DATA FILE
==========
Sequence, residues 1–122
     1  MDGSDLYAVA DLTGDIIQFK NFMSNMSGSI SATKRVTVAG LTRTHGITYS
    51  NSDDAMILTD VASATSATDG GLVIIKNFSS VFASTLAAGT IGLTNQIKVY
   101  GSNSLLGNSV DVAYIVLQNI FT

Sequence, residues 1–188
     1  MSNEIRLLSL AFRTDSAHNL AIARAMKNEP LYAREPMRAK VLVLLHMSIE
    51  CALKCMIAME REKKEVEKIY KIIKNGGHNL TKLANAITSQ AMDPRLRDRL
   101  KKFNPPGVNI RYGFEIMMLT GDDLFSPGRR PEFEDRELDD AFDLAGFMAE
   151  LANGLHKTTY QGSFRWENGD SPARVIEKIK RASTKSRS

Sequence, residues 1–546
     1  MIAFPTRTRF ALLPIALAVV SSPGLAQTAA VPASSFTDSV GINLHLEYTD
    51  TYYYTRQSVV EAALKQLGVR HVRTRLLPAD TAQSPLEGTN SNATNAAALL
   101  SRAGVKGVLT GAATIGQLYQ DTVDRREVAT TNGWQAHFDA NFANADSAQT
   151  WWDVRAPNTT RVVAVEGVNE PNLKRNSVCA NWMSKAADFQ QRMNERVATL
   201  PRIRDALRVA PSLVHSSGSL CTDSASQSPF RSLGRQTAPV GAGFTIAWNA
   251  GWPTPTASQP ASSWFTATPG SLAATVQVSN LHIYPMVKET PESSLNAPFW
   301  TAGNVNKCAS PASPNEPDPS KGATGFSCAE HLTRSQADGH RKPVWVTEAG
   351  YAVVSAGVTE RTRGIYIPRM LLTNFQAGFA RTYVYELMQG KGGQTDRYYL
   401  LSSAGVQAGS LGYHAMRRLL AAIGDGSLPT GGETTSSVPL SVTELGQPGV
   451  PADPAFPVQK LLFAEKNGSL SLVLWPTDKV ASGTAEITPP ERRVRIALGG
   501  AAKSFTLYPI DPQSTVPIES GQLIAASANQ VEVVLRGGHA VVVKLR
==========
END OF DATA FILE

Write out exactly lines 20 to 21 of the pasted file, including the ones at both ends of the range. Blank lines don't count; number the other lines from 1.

   451  PADPAFPVQK LLFAEKNGSL SLVLWPTDKV ASGTAEITPP ERRVRIALGG
   501  AAKSFTLYPI DPQSTVPIES GQLIAASANQ VEVVLRGGHA VVVKLR